Ottawa 67′s not sold on taking Sean Day No. 1, which might speak louder than it should

So much for the Sean Day sweepstakes? Or do we just wait a year? When it comes to a player who wants exceptional status and the needs of the team(s) with the first pick(s), the twain are not supposed to meet.

Thanks to Erie Otters centre Connor McDavid and Barrie Colts defenceman Aaron Ekblad, we know the drill. The Ontario Hockey League delegates the process to Hockey Canada, which oversees all the fact-finding — assessing the player's talent, but also his emotional and physical maturity and his support system — before coming back with a decision. It keeps up appearances, as far as making it seem double-blind and making it look like the OHL isn't rushing anyone into the league. The teams are not asked its opinion, in order to factor out potential bias.

Both Ekblad and McDavid became a lock to go No. overall the second they declared eligible. It's been more ambiguous with Day, the latest predominantly accelerated puck-chaser who wants exceptional status. Word a few weeks ago was that the Ottawa 67's, who pick No. 1, thought that Day for all his gifts, might not be the most driven young athlete to ever come up the pipe. Rumblings are that centre Travis Konecny might be more of a sure thing for a rebuilding team; Ottawa has since confirmed they're still debating between Day, Konency and 6-foot-2 centre Dylan Strome.

Opinions about young players will always vary widely. But there should be no doubt, so perhaps it's a sniff test.

From Ken Campbell:

An exceptional player should show higher potential than everyone in the OHL's incoming cohort. There should be little to worry about regarding whether he can handle it emotionally, which is really the most important part.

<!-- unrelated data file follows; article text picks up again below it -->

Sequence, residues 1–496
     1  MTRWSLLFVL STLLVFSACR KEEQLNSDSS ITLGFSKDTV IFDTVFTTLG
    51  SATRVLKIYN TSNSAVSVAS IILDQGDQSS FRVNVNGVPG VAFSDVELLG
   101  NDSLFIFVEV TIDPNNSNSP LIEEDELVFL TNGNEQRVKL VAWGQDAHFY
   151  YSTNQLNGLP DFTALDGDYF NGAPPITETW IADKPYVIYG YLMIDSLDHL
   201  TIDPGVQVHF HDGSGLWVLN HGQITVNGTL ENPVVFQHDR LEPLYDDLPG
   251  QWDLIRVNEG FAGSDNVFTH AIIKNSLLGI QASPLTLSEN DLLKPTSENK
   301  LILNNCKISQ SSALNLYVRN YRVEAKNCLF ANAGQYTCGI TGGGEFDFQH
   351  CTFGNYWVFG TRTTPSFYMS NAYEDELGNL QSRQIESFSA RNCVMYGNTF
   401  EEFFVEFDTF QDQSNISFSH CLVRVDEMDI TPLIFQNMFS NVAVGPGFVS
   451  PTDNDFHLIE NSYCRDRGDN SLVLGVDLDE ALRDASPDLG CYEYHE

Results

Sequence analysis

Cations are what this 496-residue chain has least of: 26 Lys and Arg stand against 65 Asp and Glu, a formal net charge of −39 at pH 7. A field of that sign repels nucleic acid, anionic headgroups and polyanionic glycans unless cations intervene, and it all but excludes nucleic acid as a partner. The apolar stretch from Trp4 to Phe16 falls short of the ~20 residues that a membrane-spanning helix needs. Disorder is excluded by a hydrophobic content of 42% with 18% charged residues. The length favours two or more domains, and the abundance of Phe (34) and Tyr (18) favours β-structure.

The so-called John Tavares rule was established for cases where there was no doubt. With 99 per cent of 14- or 15-year-old players, there is doubt. Keep in mind the 'hothouse' environment of minor hockey can make some young teens look extraordinary skilled for their age. What it does not show is how they will adapt when they are suddenly competing in a league where there isn't as much of a talent gap between them and the average player.

There is the rule of thumb that a team who drafts an exceptional player is guaranteed to have him for at least three seasons even if goes directly to the NHL at age 18. The rub is there's no guarantee of that happening. In 2007, current Florida Panthers prospect John McFarland was reportedly turned down for exceptional status. You know the rest of the story. McFarland became the next Angelo Esposito. He went No. 1 overall in 2008 to the Sudbury Wolves and was invited to try out for Team Canada as a 17-year-old, but overall his OHL career was viewed as a semi-fizzle as he merely became a good prospect.

Imagine he had received it. Judging strictly on what they did in the OHL, would it have been wise to take McFarland over either of that year's Nos. 1 and 2 picks, Ryan O'Reilly and Taylor Hall? Or any among the 3-4-5 selections, Casey Cizikas, Zack Kassian and Matt Duchene? All five are now established in the NHL.

Point being, there have to be checks in the system on rushing a player. It's not about who could make a major junior team at age 15.

That wasn't why the rule was created. That's not a comment directly on Sean Day, just on the spirit of the rule. If it was just about talent, the old rule that a 15-year-old could play for the team in his home territory and then enter the priority selection draft would still exist. Some great NHLers such as Jason Spezza and Kirk Muller came into the league that way, but so did Rico Fata.

Day could learn his fate for next season as soon as Wednesday.

Neate Sager is a writer for Yahoo! Canada Sports. Follow him on Twitter @neatebuzzthenet. Please address any questions, comments or concerns to

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